The Snow Queen In Seven Stories 26

“You poor child,” said the prince and princess; then they praised the crows, and said they were not angry for what they had done, but that it must not happen again, and this time they should be rewarded.

 

“Would you like to have your freedom?” asked the princess, “or would you prefer to be raised to the position of court crows, with all that is left in the kitchen for yourselves?”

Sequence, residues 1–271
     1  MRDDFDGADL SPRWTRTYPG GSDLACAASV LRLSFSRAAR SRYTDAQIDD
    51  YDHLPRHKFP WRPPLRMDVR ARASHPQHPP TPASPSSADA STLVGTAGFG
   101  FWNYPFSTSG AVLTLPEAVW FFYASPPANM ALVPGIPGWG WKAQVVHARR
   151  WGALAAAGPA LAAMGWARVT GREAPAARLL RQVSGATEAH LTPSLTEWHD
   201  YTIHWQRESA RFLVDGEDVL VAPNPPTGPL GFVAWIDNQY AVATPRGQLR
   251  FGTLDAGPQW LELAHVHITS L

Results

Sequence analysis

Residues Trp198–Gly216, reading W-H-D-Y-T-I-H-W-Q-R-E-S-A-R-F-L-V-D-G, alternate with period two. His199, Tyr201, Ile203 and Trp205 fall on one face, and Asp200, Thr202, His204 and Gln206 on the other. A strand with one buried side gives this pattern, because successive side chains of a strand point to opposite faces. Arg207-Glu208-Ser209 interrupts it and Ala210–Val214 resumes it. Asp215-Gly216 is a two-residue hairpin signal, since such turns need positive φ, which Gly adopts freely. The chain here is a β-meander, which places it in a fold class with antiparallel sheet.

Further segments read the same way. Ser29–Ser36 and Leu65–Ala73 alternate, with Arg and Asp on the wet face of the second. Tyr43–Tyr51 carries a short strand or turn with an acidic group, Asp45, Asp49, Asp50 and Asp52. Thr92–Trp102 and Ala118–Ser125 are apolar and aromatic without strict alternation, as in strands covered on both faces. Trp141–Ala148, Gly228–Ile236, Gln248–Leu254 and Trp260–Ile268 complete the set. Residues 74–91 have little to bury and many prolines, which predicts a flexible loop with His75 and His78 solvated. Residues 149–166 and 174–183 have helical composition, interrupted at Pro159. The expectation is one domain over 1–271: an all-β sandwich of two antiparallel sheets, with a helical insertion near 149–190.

Then both the crows bowed, and begged to have a fixed appointment, for they thought of their old age, and said it would be so comfortable to feel that they had provision for their old days, as they called it. And then the prince got out of his bed, and gave it up to Gerda,—he could do no more; and she lay down. She folded her little hands, and thought, “How good everyone is to me, men and animals too;” then she closed her eyes and fell into a sweet sleep. All the dreams came flying back again to her, and they looked like angels, and one of them drew a little sledge, on which sat Kay, and nodded to her. But all this was only a dream, and vanished as soon as she awoke.

 

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